Over the last two months, the Skippet team and I spent many hours trying to understand how freelancers spend their time, how they organize their work and how they think.
I decided to summarize some key learnings for the benefit of people considering freelancing, or those working as freelancers but struggling with their personal organization. Here are three key conclusions I have come to:
For freelancers the relationship between time and money is very direct, more so than for salaried employees. Most freelancers charge on an hourly basis, so every minute spent working literally can be converted into dollars earned. Although this relationship is proportional, it is not necessarily evenly distributed - hectic periods intertwine with dry-spells. Thus, prioritization becomes crucial. These insights have two implications for personal organization:
You need to get over the first stumbling block to achieve greatness in the second point.
This is where AI comes in. By helping you get past this “valley of despair”, a freelancer should be able to set up their personal organization system quickly and to their exact specs. No one likes a blank page, especially when it comes to administrative and daunting tasks, where the benefits are not immediate.
Most salaried employees just focus on the job they’ve been hired to do. Apart from the occasional paperwork or HR training, someone else is doing the business management. As a freelancer, if you don’t spend time on the business, you will either run out of money or get into all sorts of legal or tax troubles. This makes for a broad set of business management needs that are interrelated.
The best solutions ideally do not involve multiple software, which is expensive and should be solved with a unified workspace to manage both work (projects, tasks, client briefs) and the business side of things, including clients, outreach, admin deadlines. This way, freelancers can save money, learn multiple tools and make being organized second nature.
Loving business admin and being a great designer, copywriter, any or any type of freelancer is not correlated to say the least, and often negatively related. Thus, having AI does lots of this for you and doesn’t simply have financial benefits, but also keeps you sane.
You’d think that freelancers would spend most of their time working in isolation. While this may be true in some cases, most freelancers collaborate with other people in one way or another. Some freelancers simply share work with their clients where the collaboration complexities are lower, while others collaborate in more elaborate ways. This includes working on a new side-hustle with other freelancers, like organizing an event or a joint marketing push, or being incorporated into a team of freelancers within a client’s company.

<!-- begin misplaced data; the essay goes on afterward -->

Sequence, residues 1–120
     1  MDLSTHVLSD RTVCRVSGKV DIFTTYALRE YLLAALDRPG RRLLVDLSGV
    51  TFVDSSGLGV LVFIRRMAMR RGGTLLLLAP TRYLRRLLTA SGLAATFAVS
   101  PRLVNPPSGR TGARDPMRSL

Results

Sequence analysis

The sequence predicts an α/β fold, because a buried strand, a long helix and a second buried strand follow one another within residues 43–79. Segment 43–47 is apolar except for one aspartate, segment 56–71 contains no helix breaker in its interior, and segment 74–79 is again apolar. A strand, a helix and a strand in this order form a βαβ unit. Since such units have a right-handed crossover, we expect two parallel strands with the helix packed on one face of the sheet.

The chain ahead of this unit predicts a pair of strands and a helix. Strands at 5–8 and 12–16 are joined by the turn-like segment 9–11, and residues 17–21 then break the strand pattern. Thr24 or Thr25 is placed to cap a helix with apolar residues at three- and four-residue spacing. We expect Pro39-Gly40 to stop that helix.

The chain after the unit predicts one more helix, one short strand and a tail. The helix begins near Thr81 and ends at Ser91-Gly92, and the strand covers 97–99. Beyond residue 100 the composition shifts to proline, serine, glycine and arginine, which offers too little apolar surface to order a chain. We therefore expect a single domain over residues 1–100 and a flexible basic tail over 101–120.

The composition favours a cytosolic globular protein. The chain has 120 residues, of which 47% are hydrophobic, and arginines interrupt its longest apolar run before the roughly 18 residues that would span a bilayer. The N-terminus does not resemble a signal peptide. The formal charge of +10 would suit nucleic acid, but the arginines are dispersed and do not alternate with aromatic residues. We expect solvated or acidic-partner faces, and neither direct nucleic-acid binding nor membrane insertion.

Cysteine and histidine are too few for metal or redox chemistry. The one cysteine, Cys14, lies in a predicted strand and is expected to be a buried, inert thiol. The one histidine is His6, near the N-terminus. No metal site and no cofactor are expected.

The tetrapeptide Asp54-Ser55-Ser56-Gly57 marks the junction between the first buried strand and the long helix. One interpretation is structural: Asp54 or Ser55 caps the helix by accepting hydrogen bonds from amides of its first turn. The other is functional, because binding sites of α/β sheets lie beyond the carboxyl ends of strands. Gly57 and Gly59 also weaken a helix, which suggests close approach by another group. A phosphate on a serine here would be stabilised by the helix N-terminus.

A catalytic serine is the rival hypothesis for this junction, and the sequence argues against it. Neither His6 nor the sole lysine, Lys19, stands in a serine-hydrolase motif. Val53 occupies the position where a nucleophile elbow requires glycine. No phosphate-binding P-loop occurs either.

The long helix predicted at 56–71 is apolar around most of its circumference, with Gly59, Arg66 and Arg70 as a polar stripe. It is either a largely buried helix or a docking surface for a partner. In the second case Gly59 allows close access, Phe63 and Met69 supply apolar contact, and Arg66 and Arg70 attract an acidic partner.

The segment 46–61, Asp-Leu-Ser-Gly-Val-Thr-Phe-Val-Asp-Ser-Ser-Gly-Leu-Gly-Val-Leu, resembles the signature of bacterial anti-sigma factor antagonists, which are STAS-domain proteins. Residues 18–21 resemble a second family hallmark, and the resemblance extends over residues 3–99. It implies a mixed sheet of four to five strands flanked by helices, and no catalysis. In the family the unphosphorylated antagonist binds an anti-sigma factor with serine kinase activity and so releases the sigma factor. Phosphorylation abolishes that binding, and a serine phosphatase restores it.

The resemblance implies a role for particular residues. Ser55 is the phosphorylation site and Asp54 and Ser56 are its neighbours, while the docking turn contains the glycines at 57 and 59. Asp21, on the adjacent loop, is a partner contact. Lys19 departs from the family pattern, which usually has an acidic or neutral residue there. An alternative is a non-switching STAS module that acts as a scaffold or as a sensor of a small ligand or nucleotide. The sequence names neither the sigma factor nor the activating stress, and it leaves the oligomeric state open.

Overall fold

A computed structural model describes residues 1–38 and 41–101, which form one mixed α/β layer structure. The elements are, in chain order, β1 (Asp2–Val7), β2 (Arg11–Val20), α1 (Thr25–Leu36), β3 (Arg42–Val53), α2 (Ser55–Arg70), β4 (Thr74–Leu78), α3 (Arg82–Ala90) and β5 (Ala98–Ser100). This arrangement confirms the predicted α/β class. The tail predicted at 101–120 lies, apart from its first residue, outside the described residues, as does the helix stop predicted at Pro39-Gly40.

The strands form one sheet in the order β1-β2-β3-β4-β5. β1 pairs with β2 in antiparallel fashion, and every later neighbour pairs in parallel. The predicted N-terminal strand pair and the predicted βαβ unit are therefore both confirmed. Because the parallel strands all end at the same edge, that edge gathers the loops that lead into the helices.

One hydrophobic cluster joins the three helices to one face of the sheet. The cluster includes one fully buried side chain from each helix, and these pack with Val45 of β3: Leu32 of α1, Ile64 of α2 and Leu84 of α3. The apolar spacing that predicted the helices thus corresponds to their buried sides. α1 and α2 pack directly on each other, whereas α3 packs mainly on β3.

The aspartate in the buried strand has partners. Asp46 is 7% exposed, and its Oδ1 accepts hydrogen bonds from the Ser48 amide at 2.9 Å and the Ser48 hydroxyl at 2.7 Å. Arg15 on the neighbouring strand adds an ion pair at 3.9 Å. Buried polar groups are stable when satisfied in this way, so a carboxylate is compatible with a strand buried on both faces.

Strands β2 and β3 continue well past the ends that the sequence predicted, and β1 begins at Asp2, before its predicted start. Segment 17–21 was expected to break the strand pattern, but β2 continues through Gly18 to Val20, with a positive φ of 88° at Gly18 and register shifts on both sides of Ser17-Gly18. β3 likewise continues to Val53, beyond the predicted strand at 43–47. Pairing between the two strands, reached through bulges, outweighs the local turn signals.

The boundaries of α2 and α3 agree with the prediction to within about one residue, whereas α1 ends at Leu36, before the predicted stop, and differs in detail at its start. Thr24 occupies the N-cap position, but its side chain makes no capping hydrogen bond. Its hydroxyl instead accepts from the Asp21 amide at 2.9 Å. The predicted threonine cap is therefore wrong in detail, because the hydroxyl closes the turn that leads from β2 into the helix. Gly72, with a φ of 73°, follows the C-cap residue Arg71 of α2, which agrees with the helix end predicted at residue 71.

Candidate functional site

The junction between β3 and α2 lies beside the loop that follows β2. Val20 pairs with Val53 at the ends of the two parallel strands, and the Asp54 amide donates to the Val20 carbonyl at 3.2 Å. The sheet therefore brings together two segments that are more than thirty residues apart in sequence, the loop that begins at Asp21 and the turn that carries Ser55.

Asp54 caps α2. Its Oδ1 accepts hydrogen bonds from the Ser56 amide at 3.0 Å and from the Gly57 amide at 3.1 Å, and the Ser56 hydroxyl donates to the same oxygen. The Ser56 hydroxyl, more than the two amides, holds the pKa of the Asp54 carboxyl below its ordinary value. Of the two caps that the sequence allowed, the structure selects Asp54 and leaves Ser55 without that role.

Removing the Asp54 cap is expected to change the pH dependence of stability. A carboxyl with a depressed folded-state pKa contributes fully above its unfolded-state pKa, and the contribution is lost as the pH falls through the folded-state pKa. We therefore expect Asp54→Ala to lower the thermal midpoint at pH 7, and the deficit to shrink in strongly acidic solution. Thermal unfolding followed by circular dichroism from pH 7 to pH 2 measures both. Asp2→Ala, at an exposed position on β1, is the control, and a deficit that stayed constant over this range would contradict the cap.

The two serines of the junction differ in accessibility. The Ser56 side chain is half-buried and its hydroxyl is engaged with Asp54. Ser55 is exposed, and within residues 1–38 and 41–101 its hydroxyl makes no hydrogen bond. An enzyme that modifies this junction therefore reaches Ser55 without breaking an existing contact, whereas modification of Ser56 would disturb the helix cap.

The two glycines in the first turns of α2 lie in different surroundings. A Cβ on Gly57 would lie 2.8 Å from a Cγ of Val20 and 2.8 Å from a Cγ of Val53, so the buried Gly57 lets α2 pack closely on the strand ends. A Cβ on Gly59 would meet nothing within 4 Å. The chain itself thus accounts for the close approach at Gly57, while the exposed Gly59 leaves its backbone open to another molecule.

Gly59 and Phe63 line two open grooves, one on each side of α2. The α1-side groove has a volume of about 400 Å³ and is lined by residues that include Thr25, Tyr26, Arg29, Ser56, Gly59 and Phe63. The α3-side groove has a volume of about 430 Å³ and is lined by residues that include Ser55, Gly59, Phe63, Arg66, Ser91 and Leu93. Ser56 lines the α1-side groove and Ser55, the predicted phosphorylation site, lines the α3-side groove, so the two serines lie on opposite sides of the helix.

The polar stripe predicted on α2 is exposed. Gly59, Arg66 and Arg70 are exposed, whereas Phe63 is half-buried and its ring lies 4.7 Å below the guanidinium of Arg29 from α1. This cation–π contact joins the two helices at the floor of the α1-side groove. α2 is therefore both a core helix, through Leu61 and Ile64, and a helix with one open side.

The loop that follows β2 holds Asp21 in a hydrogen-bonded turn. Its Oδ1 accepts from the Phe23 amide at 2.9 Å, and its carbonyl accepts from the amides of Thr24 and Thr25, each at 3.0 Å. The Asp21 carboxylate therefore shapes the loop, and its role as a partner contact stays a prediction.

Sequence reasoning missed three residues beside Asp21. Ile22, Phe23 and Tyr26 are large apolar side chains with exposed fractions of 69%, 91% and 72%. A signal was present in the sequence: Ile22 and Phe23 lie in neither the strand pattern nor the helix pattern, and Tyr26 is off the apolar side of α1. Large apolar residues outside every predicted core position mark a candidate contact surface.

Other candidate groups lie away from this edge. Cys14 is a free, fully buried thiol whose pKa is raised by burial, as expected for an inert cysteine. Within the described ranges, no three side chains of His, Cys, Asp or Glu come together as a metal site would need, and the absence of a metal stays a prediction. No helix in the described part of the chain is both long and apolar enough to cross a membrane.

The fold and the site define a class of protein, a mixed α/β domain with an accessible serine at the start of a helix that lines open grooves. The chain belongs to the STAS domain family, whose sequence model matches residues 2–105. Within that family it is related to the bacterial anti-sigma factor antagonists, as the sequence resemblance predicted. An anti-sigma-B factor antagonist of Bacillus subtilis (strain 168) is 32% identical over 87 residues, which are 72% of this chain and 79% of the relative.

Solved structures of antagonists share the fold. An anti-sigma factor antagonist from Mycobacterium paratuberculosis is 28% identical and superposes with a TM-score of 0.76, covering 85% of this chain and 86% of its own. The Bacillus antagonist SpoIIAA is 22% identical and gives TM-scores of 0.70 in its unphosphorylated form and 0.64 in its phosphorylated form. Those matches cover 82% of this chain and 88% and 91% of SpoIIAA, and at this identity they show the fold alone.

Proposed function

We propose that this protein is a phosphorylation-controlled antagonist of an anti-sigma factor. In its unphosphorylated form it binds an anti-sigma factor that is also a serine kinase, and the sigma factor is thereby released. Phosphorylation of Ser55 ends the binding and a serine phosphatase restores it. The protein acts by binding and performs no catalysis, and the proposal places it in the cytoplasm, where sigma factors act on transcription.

In all these scenarios, a central facet of the collaboration is the notion of permissions, i.e. who can see what information and what they can do with it. Sharing data can pose challenges both within client organizations e.g. across departments or levels of seniority, or when a freelancer shares work with different clients but in a unified platform. This can create lots of complexity – can a person see the project of a certain client? For a given department? Perhaps only some of the data?
Suddenly, you need “enterprise level” permissions for seemingly simple use cases. This is where a flexible organization tool becomes advantageous.
This investigation into the needs of freelancers highlighted that there is a lot more to their personal organization than what is visible on the surface. While a notebook and simple calendar might work for some people, in many cases it does not.
Skippet lets people quickly get started with AI, unify all their work in one workspace and collaborate with other using advanced permissions. This makes it a great tool in a freelancer’s arsenal to tackle these challenges.
Ready to level up your freelancing business? Try Skippet for free today.